OPINION: Students can help fund the USPS with pen pals

College students have experienced an escalated amount of loneliness, stress, anxiety, and depression during the COVID-19 pandemic, according to the University of Michigan’s Department of Psychiatry. However, students spending time in isolation have a silver-lining — the opportunity to quench their thirst for connection while also contributing to the longevity of the United States Postal Service, which is struggling to deliver essential medication and bills due to lack of funding.

There is a massive pool of potential pen pals in the Atlanta area that would love to write to Kennesaw State students. In fact, students may have seen viral videos of the elderly looking for penpals on Instagram and TikTok.

Students living on campus experience isolation, as KSU’s COVID Guidelines state that “Inviting non-essential visitors to campus is discouraged or should be avoided.” Students who live on-campus can forget inviting friends over to show off dorm room decorations, or treating a partner from another school to lunch at the Commons.

Unfortunately, many elderly members of the Kennesaw community live with similar loneliness. “Many local nursing homes no longer allow visitors, and elderly residents are in need of emotional connection, just like many students,” WSB reporter Mike Petchenik writes.

Instead of participating in risky social gatherings, students should compromise with other ways to socialize safely. The most wholesome and impactful way to socialize during a global pandemic is to get a pen pal with an elderly neighbor.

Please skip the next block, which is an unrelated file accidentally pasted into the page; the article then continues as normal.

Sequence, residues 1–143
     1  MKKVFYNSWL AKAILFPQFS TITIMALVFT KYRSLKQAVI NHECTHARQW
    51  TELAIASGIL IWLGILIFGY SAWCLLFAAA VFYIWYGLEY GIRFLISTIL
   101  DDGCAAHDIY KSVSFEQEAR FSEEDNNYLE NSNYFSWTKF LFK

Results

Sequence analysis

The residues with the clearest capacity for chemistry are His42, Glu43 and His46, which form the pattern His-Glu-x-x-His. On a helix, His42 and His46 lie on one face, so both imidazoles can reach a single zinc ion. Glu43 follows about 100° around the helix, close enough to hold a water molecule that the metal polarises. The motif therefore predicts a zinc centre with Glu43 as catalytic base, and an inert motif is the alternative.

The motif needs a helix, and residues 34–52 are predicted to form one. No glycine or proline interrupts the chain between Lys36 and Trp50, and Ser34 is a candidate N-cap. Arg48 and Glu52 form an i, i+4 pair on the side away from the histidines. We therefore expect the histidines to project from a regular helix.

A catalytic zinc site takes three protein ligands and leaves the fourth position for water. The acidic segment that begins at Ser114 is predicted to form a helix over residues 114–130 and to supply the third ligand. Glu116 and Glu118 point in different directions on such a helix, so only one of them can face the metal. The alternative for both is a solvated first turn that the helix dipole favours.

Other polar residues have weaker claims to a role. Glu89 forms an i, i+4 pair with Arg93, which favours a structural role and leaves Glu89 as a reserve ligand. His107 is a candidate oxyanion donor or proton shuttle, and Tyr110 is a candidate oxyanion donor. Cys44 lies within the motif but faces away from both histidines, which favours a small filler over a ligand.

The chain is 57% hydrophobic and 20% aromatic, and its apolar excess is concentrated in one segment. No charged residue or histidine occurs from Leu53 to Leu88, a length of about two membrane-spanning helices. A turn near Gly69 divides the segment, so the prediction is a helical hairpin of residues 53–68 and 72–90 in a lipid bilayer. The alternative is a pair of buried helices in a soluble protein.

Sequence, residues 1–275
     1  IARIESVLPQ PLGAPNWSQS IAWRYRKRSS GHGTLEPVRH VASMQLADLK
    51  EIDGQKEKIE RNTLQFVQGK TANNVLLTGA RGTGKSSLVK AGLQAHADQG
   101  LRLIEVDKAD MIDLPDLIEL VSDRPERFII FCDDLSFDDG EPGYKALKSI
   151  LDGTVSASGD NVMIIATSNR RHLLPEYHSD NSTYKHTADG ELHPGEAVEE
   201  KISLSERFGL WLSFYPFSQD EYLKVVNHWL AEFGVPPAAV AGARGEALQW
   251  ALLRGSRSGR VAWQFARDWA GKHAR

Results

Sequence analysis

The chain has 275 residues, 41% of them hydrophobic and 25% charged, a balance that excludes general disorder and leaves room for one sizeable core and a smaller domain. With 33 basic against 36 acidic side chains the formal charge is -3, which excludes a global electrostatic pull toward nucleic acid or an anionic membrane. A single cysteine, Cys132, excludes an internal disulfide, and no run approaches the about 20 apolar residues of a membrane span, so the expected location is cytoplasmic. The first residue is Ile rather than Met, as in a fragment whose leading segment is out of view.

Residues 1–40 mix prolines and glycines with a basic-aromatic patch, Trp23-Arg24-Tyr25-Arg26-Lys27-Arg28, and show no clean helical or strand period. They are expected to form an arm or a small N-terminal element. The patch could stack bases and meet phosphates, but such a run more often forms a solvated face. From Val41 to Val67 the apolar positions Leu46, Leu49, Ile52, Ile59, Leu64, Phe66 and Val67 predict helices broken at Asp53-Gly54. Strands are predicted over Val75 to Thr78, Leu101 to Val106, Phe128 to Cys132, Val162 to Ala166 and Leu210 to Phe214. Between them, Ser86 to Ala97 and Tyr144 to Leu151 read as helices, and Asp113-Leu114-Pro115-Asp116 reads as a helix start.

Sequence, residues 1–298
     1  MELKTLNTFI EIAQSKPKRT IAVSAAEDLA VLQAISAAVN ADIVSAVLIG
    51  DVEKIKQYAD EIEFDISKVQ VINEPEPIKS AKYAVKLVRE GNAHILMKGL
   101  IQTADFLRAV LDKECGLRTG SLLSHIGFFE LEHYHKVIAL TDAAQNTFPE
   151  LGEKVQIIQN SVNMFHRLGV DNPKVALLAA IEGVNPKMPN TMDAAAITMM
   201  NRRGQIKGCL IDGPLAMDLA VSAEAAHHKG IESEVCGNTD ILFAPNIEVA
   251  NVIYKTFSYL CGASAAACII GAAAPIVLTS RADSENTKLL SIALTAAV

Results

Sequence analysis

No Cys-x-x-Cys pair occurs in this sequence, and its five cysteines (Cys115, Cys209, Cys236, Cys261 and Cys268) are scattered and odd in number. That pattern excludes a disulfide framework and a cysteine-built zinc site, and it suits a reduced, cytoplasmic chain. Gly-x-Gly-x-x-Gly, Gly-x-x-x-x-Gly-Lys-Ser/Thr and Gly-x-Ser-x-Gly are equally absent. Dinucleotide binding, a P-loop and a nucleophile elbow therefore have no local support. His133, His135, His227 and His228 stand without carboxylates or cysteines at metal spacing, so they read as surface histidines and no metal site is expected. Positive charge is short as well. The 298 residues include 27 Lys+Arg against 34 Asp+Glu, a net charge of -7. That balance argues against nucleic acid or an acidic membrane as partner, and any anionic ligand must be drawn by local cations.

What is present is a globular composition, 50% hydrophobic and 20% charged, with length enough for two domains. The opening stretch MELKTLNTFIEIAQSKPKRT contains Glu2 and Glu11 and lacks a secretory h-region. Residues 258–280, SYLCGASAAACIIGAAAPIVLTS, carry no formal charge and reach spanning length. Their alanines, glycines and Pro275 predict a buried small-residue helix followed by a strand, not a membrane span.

“I genuinely would [get a pen pal],” senior communication major Sarah Miller said. “I feel as though mental health is really important and isn’t prioritized sometimes, and I believe getting a penpal would really help a lot.”

KSU students should consider becoming a pen pal with Atlanta nursing home residents in order to foster their mental health and contribute towards funding the USPS

Students can find penpals by emailing local nursing homes or participating in online forums, according to the Atlanta Patch. Care facilities in Dunwoody and many Metro Atlanta locations also launched Facebook campaigns for residents to find pen pals, Atlanta Fox 5 reports.

The benefits of maintaining a relationship with a penpal are tenfold. Writing letters to a penpal eases anxiety, loneliness and even relieves stress, according to Forbes. Additionally, finding a penpal allows students to participate in funding the USPS by purchasing stamps. Unfortunately, USPS is experiencing severe financial strain, according to NPR.

The USPS predicts “a $13 billion shortfall for the year … As a result, the Postal Service is asking lawmakers for as much as $89 billion in cash infusions to weather the financial storm,” according to NPR. The USPS “could run out of money by 2021”, The New York Times claims.

This means that the USPS will rely on funding from the sale of stamps, merchandise and other products, according to CNN.

Fortunately, students can send letters to their penpals with stamps that cost as low as 55 cents each, which they can order online from the USPS website. Students could even send their new penpals a care package, as “Skyrocketing package volume, up 60 to 80 percent … has propped up the Postal Service’s finances and staved off immediate financial calamity”, according to the Washington Post.

If students began a relationship with a penpal, they would simultaneously help their own mental health and contribute towards saving the foundational presence of the USPS. Writing letters — and physically holding handwritten letters — can help reduce a student’s sense of isolation. KSU students must hold onto what they can during this pandemic — there is no reason why those in isolation cannot hold onto each other with handwritten letters until 2020 finally ends.606 words

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